C. Frederick Risinger
ìHere is not merely a nation, but a teeming nation of nations.î
One of my favorite activities is sitting down to do the initial Internet ìsurfingî for these columns. I recall much less fondly the process of starting to do research for a college history paper or a journal article using the traditional library card catalog or the bulky ERIC Thesaurus of ERIC Descriptors. While I usually found the information I needed, it wasnít much fun. Today, however, whether Iím looking up a method for pruning grapevines, directions to a Holiday Inn in South Bend, or information on teaching about immigration in U.S. history, I look forward to sitting down, calling up my favorite search engine, and beginning my quest. I believe that this is one of the most positive aspects of using the World Wide Web in social studies. Both teachers and students actually can enjoy the process of finding and collecting information. This, in turn, is an essential step in constructivism, the idea that students can create knowledge.1
However, the search for information on immigration yielded a surprise. I initially thought that a search on this topic, like the previous column on African Americans in U.S. history, would yield thousands of ìhitsî and hundreds of great sites. In fact, while many websites were identified, only a few dozen seem useful for K-12 teachers and students. Immigrationís status as a controversial issueóboth historically and contemporaneouslyómakes it an excellent topic to teach students about website bias. Clearly, there are websites that are both pro- and anti-immigration. Examine the two statements below:
ìA record number of immigrants, more than one million, will become U.S.
citizens this year.î
ìThe percentage of immigrants [in the U.S.] is lower than in the past.î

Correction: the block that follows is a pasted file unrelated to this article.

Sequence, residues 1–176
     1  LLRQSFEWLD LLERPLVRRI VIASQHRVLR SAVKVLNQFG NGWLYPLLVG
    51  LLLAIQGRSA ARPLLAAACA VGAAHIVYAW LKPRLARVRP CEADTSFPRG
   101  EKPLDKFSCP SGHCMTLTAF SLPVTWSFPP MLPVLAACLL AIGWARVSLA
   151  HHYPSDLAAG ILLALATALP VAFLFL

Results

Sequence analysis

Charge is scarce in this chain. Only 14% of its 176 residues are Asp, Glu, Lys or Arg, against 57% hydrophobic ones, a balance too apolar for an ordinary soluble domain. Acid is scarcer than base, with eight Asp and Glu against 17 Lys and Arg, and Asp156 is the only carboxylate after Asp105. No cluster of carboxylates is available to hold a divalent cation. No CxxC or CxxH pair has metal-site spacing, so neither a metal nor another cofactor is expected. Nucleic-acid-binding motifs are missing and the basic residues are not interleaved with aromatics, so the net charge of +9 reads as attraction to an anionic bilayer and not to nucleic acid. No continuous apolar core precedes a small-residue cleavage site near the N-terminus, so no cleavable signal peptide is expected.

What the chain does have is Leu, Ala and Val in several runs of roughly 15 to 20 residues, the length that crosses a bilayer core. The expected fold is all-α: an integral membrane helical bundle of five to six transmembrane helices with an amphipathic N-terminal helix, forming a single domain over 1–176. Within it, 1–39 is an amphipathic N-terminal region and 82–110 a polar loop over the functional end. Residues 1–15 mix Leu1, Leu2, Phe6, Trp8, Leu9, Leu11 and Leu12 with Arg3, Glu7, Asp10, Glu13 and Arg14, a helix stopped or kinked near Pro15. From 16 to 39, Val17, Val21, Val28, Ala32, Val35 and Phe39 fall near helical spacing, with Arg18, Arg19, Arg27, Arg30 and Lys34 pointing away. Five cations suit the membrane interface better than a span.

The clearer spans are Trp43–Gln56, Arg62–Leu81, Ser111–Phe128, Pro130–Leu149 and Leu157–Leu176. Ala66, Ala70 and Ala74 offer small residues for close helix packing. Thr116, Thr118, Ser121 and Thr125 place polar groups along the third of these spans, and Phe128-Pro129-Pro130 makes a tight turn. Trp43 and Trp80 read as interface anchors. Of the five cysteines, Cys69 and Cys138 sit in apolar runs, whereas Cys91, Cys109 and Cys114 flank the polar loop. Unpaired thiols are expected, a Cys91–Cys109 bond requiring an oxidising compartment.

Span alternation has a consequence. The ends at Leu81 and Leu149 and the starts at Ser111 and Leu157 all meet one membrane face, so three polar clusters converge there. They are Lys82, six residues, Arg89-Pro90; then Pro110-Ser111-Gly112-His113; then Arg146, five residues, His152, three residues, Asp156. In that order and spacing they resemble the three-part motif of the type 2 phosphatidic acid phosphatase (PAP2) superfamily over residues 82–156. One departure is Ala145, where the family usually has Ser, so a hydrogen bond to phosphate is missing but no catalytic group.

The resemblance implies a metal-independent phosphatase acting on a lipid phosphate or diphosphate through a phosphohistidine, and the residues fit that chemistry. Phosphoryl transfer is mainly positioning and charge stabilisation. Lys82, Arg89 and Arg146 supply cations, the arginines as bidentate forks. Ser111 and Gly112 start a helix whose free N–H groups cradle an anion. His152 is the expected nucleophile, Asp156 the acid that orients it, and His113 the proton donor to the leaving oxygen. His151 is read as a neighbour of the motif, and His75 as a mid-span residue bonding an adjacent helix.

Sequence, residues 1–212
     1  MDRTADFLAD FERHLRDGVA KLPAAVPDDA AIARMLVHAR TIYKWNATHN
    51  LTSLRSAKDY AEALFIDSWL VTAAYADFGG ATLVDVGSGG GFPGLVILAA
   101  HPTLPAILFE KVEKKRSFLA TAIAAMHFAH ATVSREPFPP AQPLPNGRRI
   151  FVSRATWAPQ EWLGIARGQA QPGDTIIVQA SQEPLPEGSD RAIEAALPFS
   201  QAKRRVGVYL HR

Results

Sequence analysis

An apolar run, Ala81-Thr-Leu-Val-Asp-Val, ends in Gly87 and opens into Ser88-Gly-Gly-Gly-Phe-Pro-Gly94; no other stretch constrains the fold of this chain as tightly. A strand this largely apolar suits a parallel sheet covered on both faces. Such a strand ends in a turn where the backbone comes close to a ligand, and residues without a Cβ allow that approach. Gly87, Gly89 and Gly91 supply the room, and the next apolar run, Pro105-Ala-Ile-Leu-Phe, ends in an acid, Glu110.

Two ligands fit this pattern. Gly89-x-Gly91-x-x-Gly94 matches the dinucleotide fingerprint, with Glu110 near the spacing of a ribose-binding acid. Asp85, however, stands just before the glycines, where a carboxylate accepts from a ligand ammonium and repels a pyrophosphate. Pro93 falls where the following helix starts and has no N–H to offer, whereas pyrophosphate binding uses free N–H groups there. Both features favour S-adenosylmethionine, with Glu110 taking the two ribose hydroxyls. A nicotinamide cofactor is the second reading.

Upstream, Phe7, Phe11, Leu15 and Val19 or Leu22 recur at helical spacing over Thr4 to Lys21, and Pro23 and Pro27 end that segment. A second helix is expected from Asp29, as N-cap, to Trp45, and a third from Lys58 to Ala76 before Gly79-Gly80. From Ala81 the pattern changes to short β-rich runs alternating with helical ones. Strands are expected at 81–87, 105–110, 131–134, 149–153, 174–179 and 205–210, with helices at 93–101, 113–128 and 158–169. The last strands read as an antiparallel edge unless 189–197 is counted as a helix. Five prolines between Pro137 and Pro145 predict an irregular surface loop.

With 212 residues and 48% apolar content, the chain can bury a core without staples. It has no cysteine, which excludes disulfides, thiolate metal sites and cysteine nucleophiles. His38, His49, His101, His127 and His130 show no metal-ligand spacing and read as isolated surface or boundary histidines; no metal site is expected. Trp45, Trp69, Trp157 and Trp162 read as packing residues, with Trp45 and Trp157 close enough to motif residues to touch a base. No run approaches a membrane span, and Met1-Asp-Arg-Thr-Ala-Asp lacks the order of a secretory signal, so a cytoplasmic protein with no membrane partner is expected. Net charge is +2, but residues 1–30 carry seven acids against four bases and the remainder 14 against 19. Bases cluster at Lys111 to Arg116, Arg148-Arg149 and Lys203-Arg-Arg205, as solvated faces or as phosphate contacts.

Both statements are factually accurate. In the first, taken from an excellent Washington Post article on the U.S. Citizenship Test, the information lends itself to the suggestion that the flow of immigrants is overwhelming the nation. The second quote is used to convey the opposite perception. The Post statement, taken out of context, was quoted on several other websitesóusually to set the stage for a ìclose the doors to immigrantsî argument. At least two websites feature ìMyths About Immigration,î in which arguments against an open door for immigration are refuted.
One category of websites related to immigration focuses on helping foreign nationals emigrate to the U.S. and assisting foreign nationals in this country to extend their stay or change their status to become a permanent resident. Similar websites exist for Canada. These sites frequently provide their information in languages other than English (Spanish and Russian being the most commonly used). Teachers who develop ìauthentic activitiesî could assign students to prepare a visa request or a request for political asylum based on information found on these sites.
In my web surfing on this topic, I was pleased to find that school websites were among the most useful ones identified. Teachers and school information specialists (formerly librarians) are cooperating on building school websites that feature information and links specifically selected to fit the schoolís curriculum and assigned homework and projects. School websites (described more fully below) that provide excellent information on immigration include the Boulder Valley Schools in Colorado, the Academy for the Advancement of Science and Technology in Hackensack, NJ, and Chico High School, California.
Here are several websites that should provide teachers and students with information and lesson plan ideas on immigration from both historical and contemporary perspectives.
Immigration in American Memory
Iím not sure why the great Library of Congress ìAmerican Memoryî pages have such long and complex URLs. But if you want the most complete website on immigration from a historical perspective, this is it. Itís divided into four chronological periodsóSettlement, The Growing Nation, The Great Surge, and Immigration Today. Within each segment, there are pictures of immigrants and immigrant families. Excerpts from primary sources are included, and the entire document is just a mouse click away. The influence of immigrants on entertainment, particularly vaudeville, is portrayed through photographs and actual sound recordings.
Project Vote SmartóIssues: Immigration